Basic Geology for the Independent Miner—Part VI Geology of Placer Gold Deposits
June 2006 by Chris RalphPlacer deposits are the focus of many small-scale prospectors, as they can be worked with comparatively inexpensive equipment. In this conclusion of a six-part series, we will take a look at the geology and formation of placer deposits...
• Red tape at its finest...
• With the stroke of a pen
Excerpts from California Mining Journal, our original title, published 50 years ago this month.
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• State cries "wolf!"
• Let's end on an up note
Don’t bother eyeballing that rock for silver! Even if it’s high grade you’ll not see the familiar dime or quarter coin color. Native silver is almost as rare as brass ore. Well, if it’s so hard to find, is silver worth looking for? You bet! Just check the latest prices—and they may go higher.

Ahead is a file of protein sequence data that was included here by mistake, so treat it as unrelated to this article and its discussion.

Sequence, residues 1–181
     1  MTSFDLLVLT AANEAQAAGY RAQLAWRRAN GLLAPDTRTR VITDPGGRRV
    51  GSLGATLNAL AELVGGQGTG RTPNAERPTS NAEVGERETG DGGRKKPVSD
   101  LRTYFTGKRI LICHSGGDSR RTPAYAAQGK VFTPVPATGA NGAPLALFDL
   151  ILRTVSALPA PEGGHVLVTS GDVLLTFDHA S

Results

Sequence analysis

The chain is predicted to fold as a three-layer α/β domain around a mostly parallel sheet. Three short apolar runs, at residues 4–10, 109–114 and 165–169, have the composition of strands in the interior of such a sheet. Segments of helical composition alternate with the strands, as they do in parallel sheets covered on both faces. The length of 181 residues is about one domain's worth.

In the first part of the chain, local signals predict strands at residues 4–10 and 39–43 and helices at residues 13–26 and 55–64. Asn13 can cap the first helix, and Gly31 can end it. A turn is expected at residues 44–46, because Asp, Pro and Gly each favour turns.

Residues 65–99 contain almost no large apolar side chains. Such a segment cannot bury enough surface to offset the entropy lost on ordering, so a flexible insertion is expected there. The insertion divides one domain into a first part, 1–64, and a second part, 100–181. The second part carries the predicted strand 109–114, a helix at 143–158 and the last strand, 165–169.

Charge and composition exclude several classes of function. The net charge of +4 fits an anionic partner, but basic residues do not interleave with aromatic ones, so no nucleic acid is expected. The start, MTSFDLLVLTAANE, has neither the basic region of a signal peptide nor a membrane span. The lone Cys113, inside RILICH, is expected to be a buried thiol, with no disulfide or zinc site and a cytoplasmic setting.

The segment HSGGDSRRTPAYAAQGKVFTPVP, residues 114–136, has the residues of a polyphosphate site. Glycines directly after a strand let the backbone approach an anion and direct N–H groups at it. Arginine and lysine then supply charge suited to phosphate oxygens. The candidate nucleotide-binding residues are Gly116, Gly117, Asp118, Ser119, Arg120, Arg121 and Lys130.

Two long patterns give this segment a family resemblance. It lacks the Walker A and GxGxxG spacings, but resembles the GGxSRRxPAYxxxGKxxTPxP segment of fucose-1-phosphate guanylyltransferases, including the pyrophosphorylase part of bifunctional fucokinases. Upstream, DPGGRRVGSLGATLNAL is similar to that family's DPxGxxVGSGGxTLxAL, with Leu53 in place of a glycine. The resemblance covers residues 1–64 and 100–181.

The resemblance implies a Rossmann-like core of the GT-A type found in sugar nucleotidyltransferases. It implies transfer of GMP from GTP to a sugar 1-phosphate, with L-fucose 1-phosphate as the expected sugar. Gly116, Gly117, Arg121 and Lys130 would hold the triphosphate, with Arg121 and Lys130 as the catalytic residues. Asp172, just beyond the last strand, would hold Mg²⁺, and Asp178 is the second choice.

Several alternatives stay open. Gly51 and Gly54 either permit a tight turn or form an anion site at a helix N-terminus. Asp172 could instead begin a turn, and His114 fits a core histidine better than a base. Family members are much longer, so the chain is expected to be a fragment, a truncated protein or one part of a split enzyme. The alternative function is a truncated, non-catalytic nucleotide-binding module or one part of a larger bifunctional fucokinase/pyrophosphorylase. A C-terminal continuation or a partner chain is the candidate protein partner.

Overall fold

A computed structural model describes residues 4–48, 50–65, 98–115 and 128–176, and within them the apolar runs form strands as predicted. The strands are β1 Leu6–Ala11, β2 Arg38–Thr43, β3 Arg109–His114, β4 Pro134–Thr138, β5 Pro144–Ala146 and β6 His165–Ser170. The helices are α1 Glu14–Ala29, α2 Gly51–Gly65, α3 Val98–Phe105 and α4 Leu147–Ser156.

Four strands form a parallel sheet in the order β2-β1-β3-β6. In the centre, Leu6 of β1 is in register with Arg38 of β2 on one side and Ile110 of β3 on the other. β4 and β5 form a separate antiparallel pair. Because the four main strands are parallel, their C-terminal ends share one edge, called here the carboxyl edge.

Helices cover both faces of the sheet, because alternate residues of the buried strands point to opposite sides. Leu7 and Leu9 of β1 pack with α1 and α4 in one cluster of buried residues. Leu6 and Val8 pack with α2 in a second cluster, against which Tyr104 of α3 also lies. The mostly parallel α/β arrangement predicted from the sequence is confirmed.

Few countries in the world can claim as lengthy a mining legacy as the Cornish of southwest England. Cornwall, a county situated at the farthest tip of the country at the edge of the Atlantic ocean, has been mined for tin deposits since the Bronze Age, 2100-1500 BC.
Rocky Bar sits on the north slope of Horse Ranch Mountain, and while the most productive placers were found in Bear Creek below Rocky Bar, most of the creeks on the south, east and north sides of the mountain contain placer gold and were worked commercially in the past.
The potential exists for small-scale placer mining in these pits using a trommel and sluice box or other similar types of equipment.
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